Hurst and Cieplinski are not alone in their support for Miami or the mayor, either. 

Since announcing his move to the city in November, Founders Fund general partner Keith Rabois has been one of Miami's most vocal proponents on Twitter. Another recent mover, Scale AI cofounder and VC Lucy Guo, has also been bullish on Florida, publicizing a meeting she had with Suarez where she doled out praise on Miami and its burgeoning tech community. 

And Virgin Hyperloop cofounder and investor Shervin Pishevar hosted a dinner at his home with Suarez, Rabois, Reddit cofounder Alexis Ohanian, and younger founders like Hurst, who described the event as a way for up-and-coming tech entrepreneurs to "meet the earlier wave of tech veterans" and discuss how to grow Miami's tech ecosystem. 

Pioneering a new model for in-person work

While Hurst expects the Miami office to grow in the near future, he says the goal isn't to eventually relocate the bulk of the company's workforce to the city. Pipe's two other cofounders, Josh Mangel and Zain Allarakhia, for example, are currently living in LA, though they are considering relocating next year, the company said.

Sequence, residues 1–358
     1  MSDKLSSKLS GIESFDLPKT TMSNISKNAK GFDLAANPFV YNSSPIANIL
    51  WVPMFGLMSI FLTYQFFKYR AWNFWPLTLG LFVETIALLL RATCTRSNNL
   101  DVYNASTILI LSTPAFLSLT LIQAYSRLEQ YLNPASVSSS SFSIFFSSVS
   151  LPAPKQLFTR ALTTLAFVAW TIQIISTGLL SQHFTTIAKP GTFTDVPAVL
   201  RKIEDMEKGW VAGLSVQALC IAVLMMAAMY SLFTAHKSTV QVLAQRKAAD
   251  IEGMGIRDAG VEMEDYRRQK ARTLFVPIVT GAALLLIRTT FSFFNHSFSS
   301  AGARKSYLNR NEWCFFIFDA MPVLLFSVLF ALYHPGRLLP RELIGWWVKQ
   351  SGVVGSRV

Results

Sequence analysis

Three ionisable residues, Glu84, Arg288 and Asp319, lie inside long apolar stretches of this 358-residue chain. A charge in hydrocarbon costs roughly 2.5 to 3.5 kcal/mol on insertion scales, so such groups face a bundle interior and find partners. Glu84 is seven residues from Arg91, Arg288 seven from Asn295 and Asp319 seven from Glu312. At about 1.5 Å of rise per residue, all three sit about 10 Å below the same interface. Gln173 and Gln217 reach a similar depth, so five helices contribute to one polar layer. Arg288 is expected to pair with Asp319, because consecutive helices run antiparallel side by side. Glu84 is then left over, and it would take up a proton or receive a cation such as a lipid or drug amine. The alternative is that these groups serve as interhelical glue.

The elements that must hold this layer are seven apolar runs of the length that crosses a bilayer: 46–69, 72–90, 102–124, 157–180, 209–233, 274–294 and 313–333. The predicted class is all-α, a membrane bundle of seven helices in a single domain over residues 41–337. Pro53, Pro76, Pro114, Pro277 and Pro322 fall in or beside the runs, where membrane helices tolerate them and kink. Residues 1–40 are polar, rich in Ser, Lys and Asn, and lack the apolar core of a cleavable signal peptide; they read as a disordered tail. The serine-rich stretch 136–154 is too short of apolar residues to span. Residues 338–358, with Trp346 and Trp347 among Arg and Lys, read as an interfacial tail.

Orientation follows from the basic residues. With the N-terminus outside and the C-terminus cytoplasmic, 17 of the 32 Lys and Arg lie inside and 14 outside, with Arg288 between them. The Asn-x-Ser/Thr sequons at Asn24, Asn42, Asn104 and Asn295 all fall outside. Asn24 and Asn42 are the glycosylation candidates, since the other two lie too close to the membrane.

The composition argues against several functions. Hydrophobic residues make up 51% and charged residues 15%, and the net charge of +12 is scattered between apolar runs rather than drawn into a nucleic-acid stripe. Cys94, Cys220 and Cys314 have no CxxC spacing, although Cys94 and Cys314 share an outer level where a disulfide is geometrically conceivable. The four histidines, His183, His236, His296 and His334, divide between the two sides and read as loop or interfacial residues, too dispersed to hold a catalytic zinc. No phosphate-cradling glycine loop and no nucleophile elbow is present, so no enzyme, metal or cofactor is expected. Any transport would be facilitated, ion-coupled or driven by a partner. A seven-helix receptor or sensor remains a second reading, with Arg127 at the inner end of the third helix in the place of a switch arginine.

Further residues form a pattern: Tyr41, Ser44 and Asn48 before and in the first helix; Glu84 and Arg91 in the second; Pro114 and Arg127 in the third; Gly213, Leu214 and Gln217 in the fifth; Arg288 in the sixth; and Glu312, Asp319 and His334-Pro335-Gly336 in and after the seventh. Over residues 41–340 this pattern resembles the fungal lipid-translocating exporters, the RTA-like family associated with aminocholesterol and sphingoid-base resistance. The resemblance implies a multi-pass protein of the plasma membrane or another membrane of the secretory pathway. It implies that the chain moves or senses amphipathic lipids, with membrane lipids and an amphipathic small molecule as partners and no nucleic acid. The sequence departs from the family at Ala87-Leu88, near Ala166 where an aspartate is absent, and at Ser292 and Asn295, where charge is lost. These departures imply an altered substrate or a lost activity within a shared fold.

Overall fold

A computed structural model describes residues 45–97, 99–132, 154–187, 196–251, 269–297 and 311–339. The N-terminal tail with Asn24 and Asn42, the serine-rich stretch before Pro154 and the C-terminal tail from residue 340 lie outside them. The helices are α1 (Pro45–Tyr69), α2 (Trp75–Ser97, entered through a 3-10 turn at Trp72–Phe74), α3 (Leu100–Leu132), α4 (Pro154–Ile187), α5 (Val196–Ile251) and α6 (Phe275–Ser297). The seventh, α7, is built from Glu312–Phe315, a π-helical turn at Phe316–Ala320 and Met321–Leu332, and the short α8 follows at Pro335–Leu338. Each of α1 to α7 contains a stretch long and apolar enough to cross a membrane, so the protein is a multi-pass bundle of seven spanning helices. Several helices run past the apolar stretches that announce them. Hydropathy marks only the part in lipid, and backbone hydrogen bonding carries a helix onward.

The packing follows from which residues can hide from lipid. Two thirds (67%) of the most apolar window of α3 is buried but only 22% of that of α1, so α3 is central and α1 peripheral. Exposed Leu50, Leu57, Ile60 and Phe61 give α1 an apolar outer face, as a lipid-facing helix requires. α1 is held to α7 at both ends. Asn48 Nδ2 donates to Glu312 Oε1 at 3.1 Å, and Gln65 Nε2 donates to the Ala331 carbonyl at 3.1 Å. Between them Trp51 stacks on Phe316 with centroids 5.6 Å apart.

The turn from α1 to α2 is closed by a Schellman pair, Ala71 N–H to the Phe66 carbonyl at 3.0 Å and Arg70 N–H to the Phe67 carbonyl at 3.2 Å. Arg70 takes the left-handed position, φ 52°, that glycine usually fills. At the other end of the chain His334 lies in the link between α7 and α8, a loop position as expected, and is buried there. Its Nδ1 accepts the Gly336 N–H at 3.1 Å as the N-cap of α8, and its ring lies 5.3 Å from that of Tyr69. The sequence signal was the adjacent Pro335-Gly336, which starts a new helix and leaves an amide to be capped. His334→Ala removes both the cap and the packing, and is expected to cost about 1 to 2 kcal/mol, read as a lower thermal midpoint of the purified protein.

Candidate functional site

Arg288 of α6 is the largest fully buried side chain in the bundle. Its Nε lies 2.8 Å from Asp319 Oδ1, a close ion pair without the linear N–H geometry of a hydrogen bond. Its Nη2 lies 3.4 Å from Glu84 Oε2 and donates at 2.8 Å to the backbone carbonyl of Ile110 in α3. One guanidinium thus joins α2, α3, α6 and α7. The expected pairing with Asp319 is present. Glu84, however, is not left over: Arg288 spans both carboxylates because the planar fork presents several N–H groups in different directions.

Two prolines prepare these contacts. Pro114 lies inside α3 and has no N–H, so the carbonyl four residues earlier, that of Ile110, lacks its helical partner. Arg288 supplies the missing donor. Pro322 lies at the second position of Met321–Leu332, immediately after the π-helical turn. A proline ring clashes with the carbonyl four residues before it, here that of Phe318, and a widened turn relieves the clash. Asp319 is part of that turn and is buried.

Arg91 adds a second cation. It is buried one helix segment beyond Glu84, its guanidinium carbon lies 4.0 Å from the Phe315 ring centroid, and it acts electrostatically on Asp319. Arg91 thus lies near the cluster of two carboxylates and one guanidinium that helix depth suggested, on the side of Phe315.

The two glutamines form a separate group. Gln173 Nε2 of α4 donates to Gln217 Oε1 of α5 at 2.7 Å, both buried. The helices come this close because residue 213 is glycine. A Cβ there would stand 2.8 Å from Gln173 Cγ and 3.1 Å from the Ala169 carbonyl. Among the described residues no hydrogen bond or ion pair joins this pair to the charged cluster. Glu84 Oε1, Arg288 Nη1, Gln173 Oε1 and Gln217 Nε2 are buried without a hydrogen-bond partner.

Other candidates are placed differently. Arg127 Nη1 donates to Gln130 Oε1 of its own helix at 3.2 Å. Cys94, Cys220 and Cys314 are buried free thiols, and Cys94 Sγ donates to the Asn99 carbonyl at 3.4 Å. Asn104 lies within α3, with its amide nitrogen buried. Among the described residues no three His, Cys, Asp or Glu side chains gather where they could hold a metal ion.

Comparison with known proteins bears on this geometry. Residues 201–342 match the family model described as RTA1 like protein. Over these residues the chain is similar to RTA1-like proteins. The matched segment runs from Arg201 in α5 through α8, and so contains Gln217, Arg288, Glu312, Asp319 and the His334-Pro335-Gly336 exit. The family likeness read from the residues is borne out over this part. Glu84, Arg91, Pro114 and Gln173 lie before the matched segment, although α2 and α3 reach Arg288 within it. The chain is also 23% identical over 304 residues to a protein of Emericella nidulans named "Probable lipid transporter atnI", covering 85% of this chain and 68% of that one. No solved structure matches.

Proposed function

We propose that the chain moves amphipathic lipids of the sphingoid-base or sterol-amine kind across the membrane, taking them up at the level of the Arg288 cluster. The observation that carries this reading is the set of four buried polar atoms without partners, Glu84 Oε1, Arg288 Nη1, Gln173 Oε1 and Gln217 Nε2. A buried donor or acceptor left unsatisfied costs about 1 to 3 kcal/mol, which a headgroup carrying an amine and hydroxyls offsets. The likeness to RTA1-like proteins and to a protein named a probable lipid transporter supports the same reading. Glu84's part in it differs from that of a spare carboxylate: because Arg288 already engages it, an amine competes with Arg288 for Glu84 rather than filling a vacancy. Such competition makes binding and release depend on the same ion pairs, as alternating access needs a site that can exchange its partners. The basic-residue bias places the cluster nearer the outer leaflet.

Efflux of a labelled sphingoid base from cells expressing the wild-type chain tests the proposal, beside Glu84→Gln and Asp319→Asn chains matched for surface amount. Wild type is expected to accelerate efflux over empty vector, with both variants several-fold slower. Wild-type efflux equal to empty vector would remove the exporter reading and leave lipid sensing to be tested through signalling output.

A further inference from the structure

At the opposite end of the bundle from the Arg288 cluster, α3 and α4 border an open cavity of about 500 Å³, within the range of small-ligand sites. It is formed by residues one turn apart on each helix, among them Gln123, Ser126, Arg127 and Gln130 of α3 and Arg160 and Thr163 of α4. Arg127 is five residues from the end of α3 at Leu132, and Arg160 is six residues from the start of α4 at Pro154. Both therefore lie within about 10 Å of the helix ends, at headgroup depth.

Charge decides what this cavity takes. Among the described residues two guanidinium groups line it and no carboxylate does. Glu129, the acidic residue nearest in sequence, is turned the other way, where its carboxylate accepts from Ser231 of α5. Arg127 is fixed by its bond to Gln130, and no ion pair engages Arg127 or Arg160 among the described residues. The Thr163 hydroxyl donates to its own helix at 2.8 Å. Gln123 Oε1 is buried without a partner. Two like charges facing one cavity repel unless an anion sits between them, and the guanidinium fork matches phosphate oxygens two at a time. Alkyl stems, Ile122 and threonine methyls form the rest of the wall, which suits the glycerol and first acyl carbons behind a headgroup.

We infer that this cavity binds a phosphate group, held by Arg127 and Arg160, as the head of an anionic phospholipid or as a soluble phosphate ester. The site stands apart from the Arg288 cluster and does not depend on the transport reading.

Instead, the goal is to turn Miami into one of various "microhubs" for Pipe, a term Hurst coined for places where the company's employees can work together if they happen to be living in the same city.

Rather than assign dozens of workers to a particular office, Hurst envisions a post-COVID world where people can continue working from wherever they want, but with the option to do so alongside other employees. 

"I think it's a natural evolution of this new distributed world as it relates to work," Hurst said. 

Beyond Miami, Hurst says the company is considering leasing space for a microhub in New York City, with another one in Europe shortly to follow.

Like Cieplinski, however, Hurst has no plans on leaving his new home, which he expects will attract Pipe employees and other tech founders alike as a place to build their careers. 

"Having lived in Miami now for a few months, I feel like I'm at the center of the world," he said.